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Amy McKie Amy McKie, Marketing and Communications Officer

Here at Newcastle CVS our Support and Development team has four Infrastructure Officers who are dedicated to providing specialist support to charities, social enterprises and community organisations to help them be successful.

As you can imagine this is an immensely varied job and not without its challenges and sometimes unexpected turns. Luckily, our Infrastructure Officers are experienced in handling a variety of queries and supporting all kinds of projects across Newcastle and Gateshead.

I caught up with Barbara, Debra, Emma and Nicola to ask them what they get up to on a typical day and find out if they have any advice to offer on what makes a project successful.

Barbara Hind Debra Lagun Emma Warden Nicola Dale

How do you help charities and community groups?

Debra – “As an Infrastructure Officer, I help charities and community groups to set up, develop and deliver their services or activities by providing support in the areas of governance, policy and funding. This might involve drafting constitutions and policies, or reviewing and updating them as an organisation grows, assisting with project planning, or in the identification of potential funders for their work.

Barbara – “If the group require governance support I will look at their governing document, check that it has all of the essential criteria and go through any necessary changes.”

Nicola – “We are often asked to help groups and organisations start up. People see something that needs to be done that will help people to improve their lives and they need help and support to organise themselves. We help them become organised in the most simple way possible for them. This could be a governing document or constitution that sets out their aims and how they hope to achieve them. We also carry out funding searches. Some groups come to us when they need to change their governance because they have changed their offer or need to employ staff.”

Emma – “In addition to one-to-one support we offer training sessions that cover everything from fundraising and governance to specialist areas of insurance, HR and employment. We also link organisations so they can develop networks and explore opportunities to work in partnership. Some of the work we do involves sharing anonymously the ideas, experience and key issues of organisations so we can influence funders, councils, government departments, and policy makers. We provide support in so many ways; every day brings new and interesting challenges.”

Nicola – “I began this role in January after working in various community based roles over the last twenty years but I have been surprised by the range and scope of voluntary and charitable groups that we have.”


What are the common pitfalls or challenges that many charities and voluntary organisations face today?

Debra – “Funding is always a challenge but today charities are facing greater competition for funds, while demand and the need for the services they provide is increasing.”

Barbara – “Criteria for funding are changing and the amount that each funder has is decreasing. The forms can be difficult for volunteers to complete and sometimes they omit vital information or have governing documents or policies that are not up to date.”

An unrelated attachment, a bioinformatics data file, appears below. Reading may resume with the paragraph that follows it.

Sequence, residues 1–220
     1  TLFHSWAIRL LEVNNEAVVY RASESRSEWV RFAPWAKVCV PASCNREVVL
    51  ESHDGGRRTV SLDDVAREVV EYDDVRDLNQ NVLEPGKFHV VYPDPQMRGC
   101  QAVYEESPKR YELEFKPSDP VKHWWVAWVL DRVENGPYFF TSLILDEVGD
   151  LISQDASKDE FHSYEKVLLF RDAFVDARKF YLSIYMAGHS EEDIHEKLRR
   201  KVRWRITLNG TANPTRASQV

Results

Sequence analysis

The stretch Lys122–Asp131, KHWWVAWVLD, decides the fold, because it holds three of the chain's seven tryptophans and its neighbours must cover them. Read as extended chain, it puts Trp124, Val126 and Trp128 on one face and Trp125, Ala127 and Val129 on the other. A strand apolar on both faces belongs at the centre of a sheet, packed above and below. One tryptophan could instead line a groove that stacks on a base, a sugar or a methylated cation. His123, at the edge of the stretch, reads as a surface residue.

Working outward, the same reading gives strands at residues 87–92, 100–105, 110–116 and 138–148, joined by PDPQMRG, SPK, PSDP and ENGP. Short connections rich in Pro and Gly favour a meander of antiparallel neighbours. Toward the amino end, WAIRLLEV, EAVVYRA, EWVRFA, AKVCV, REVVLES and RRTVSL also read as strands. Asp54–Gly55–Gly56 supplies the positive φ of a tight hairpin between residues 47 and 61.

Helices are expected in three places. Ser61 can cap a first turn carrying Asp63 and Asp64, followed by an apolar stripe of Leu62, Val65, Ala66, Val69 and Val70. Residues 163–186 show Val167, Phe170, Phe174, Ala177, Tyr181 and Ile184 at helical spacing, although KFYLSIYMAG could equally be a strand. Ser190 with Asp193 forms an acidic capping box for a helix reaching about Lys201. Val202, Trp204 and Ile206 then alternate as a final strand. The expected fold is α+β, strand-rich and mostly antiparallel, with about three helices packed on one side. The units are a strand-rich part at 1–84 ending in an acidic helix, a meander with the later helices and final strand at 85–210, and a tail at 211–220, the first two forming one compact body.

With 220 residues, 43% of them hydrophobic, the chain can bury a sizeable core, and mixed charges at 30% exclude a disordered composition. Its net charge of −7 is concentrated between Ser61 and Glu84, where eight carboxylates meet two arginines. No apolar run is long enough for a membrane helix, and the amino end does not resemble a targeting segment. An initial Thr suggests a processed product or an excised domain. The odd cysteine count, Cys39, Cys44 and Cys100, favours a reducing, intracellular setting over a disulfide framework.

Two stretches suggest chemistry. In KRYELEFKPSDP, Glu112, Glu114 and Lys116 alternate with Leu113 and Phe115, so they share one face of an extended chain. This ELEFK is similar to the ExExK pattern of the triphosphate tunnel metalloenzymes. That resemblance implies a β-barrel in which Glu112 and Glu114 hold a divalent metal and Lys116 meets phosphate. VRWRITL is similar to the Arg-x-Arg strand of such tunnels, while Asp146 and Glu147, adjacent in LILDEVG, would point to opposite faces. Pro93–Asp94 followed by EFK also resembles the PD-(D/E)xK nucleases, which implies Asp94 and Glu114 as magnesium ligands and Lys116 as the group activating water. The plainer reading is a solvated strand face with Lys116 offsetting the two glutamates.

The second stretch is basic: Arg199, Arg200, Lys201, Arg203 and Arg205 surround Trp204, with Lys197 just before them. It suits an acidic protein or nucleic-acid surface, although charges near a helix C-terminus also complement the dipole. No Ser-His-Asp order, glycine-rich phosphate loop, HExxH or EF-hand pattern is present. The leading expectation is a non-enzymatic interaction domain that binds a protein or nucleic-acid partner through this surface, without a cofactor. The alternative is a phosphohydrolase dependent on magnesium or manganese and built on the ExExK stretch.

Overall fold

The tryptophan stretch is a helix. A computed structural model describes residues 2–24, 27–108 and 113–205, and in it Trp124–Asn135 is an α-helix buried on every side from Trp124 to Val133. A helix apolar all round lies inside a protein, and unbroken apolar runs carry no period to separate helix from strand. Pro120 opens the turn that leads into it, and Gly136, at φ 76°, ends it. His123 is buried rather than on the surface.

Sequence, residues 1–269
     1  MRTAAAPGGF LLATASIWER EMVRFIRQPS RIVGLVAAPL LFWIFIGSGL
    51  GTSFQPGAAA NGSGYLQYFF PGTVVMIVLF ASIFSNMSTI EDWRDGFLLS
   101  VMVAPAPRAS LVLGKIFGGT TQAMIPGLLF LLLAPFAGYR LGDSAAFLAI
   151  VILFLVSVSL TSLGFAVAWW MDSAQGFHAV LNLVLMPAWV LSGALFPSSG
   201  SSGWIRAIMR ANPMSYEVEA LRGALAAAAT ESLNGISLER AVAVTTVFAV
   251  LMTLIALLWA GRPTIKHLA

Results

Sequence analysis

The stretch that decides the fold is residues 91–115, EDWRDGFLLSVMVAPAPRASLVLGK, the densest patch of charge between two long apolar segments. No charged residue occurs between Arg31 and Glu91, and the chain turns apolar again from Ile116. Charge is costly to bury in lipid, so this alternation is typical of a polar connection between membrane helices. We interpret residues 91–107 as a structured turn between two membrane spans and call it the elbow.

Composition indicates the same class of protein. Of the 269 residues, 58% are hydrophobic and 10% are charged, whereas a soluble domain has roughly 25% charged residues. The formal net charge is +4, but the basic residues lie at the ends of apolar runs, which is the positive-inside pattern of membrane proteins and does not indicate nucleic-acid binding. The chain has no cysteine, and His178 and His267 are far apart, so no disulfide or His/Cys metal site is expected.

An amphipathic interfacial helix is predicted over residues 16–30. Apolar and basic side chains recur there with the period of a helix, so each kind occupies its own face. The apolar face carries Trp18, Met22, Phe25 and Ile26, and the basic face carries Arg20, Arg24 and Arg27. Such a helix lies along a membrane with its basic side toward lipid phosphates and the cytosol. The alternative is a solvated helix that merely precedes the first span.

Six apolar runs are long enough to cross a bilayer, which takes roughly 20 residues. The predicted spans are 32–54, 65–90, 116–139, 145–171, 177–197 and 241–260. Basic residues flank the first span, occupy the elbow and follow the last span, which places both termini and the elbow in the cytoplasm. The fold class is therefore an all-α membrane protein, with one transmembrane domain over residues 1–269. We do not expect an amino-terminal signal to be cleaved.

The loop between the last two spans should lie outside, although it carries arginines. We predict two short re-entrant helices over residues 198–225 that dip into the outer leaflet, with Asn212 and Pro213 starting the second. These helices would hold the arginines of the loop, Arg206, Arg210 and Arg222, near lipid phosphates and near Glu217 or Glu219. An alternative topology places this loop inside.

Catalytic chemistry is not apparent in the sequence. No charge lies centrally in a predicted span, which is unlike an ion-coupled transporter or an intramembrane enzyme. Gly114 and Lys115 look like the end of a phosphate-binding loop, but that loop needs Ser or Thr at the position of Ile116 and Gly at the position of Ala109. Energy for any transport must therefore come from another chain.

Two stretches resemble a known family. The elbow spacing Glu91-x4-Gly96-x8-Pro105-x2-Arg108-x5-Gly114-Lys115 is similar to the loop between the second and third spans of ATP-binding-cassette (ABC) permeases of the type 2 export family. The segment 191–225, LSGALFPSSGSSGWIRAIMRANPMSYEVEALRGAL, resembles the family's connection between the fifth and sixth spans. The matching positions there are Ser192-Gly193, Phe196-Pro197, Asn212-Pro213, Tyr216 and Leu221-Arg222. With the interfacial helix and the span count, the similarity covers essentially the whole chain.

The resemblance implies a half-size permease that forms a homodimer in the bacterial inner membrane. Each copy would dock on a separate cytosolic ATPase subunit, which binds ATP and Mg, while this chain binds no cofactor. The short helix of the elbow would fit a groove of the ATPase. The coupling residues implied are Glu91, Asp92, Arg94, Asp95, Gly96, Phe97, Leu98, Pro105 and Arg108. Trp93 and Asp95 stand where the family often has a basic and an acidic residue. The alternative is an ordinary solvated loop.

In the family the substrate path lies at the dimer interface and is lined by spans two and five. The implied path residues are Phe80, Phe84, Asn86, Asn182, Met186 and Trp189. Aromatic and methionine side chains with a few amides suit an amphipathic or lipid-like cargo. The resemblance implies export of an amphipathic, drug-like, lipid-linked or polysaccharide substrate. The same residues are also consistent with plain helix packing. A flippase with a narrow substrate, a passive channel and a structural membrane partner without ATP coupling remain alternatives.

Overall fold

Emma – “Often these challenges are down to lack of staff capacity. People spend their time delivering projects and don’t have the time and resources to work on developing strategies and fundraising. A lot of projects are volunteer-run. It’s important to get the basics right first, like your policies and procedures.”

Nicola – “I think there are some common pitfalls that groups can fall into: Trying to fit a project into a funding opportunity. I can understand how and why this happens but it’s better to just stick with your aims and objectives and look for funding that matches what you are doing. Also not having the skills you need on your management committee. Try to target members that have the skills and knowledge that you need to achieve your goals and help you move forward. Be open to new ideas and welcome new personalities. This may feel uncomfortable at first but it will pay off in the end.”

Emma – “Don’t be afraid to bring in people with a different perspective. A strong management committee / board of trustees will lead the organisation to project success.”


What are your top tips for charities looking for funding?

Barbara – “Research the funder thoroughly and take time to plan out the application. Make sure your governing documents and policies are fit for purpose and check and double-check the completed form then ask us to look over the application for you.”

Debra – “Make the most of what is unique about your work. Be clear about the change you want to see happen as a result of the work you do and set measurable outcomes. Try to think creatively when it comes to monitoring the more intangible aspects of the difference you plan to make.”

Nicola – “Again, make sure your project fits the funding criteria. Ask our team to help you with any questions you may have – we have so much experience between us we should be able to support you.”  

Emma – “Grant funding is not the sole source of income so think about ways you can earn money, gain sponsorship from local businesses or crowdfund. If you are applying for a grant, then make sure you are covering your costs and look at where you can make savings. Think about broadening the list of funders you generally apply to and seek support with understanding your finances from our Ellison Services team.”


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